Another option of great value is an integral timer that can be set to inject the test current for an accurately controlled time, preset by the user. This makes it easy to perform complete circuit breaker tripping time tests that encompass both the relay and the CTs, by injecting the actual fault currents. Auxiliary voltage and current measuring inputs facilitate the testing of CTs and good test sets can provide a wide range of data, including impedance, resistance, virtual power, active power, reactive power, and power factor, together, of course, with CT ratio and polarity.
A fast acting hold feature for the measuring functions, which is provided in conjunction with a “stop” input further enhances usefulness, as it allows readings to be frozen by applying a signal to the stop input. This makes it possible, for example, to record data relating to the exact moment that a protection relay operates during a test. Some instruments, when used for circuit breaker testing, can even be configured to automatically freeze the measurements at the instant the breaker trips without the need to use the stop input.
A feature that is just starting to become available on the latest primary injection test sets is zero-crossover synchronisation. This ensures that the test current is turned on only at a zero crossing point, which eliminates DC offset effects and also ensures the best possible repeatability for test results.
One issue that has been perennially troublesome in carrying out primary injection tests has been heating of the equipment under test while setting up and adjusting the test current. This effect has even been known to trip a breaker under test during set up before the test proper has commenced. Work-arounds are available – test engineers can perform the set up very quickly to minimise heating, or they can prevent tripping at least by isolating the trip circuits. Neither of these options is particularly convenient, however.
Fortunately, there is a better solution, in that test sets are now available with a so-called I/30 function. This, as its name suggests, reduces the programmed current output of the test set by a factor of 30. Since this means that the heating effect is reduced by a factor of 900, test engineers using this function can take as much care and time as they need in setting up the test with absolutely no risk of significant heating. And, when they are ready to start testing, the output current can be returned to normal at the push of a button.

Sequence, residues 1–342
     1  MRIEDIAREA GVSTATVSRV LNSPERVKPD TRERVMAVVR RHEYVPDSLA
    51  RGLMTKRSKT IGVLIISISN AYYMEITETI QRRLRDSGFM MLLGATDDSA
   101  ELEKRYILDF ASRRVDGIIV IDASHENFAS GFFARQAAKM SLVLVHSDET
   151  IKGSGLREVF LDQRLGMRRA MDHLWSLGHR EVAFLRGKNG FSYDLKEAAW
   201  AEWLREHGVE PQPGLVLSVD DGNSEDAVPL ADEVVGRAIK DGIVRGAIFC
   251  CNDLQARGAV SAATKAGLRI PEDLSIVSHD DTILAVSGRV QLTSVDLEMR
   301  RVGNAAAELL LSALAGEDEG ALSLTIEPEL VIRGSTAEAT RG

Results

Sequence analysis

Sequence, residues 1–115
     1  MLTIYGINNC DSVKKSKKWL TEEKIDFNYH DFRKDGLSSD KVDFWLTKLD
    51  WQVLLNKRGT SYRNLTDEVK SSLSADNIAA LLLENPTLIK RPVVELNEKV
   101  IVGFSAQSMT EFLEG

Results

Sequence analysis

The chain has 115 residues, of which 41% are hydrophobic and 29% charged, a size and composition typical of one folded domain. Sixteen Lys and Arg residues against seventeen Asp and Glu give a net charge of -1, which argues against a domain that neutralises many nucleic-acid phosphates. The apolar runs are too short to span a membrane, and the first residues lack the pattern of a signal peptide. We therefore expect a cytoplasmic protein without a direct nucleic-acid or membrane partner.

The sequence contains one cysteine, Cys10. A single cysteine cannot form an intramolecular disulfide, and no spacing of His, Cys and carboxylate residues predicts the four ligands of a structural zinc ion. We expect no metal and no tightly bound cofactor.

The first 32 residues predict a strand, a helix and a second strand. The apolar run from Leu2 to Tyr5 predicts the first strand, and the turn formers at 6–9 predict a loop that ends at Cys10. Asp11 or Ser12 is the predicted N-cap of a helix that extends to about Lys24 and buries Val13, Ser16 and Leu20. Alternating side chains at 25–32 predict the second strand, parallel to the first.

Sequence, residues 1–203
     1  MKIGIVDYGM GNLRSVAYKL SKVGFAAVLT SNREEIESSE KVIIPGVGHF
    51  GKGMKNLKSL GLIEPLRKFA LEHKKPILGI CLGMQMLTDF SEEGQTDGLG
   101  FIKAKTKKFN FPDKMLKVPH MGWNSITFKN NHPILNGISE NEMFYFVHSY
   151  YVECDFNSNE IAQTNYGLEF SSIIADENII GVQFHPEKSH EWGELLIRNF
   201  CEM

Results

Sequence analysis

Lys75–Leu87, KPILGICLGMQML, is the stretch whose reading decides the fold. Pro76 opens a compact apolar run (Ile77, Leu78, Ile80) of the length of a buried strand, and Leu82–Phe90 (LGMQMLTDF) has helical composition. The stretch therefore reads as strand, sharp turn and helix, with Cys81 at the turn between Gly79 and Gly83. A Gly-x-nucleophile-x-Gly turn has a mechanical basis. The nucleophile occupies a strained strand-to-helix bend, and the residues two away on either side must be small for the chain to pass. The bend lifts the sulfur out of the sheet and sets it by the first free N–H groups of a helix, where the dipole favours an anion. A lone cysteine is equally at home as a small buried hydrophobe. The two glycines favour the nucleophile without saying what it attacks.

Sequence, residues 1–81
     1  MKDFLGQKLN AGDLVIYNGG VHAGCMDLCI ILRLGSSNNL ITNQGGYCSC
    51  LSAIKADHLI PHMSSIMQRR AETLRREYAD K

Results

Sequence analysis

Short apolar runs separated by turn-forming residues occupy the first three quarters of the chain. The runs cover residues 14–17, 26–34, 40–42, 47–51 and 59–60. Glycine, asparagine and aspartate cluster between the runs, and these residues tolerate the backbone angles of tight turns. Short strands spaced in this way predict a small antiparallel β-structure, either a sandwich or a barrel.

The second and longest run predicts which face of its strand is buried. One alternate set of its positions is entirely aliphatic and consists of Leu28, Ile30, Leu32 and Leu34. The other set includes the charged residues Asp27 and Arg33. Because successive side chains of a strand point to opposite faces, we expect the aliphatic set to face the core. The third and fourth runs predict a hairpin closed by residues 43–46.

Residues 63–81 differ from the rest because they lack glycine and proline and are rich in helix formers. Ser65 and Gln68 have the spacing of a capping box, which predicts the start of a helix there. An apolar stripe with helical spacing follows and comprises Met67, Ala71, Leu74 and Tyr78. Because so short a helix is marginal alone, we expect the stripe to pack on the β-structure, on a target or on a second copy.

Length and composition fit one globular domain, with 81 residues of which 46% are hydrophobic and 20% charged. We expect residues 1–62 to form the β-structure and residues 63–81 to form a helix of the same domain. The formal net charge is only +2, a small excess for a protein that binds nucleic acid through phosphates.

Some of the principal applications of primary injection testing, including the testing of circuit breakers and CTs, have already been mentioned in this article. Some test sets can, however, also be programmed for more complex functions, such as testing automatic reclosers and sectionalizers.
Finally, it is worth bearing in mind that the high-capacity current source at the heart of every primary injection test set is also useful in its own right as convenient way of providing current to carry out heat runs on busbars and other types of switchgear assembly, and for testing ground grid installations where the test set is used to inject current between a reference ground and the ground to be tested. Measuring the voltage drop and the percentage of current flowing through the ground grid then enables an accurate assessment to be made of the ground grid’s performance.
Primary current injection tests are among the most valuable tests that can be carried out on power systems as they take into account the performance of every component and are, therefore, the most reliable way of assessing the performance of the system under real world operating conditions. In the past, however, primary injection testing has been fraught with inconvenience, not least because of the size and weight of the equipment involved, and because of its limited capabilities.
Fortunately, things have changed and, as we have seen, the latest primary injection test equipment is much more user friendly – and far less back breaking! For all those involved in the commissioning and maintenance of power distribution systems this could, therefore, be a very good time to take a closer look at how primary injection test sets have changed in recent years, and to look again at the benefits that this form of testing undoubtedly offers.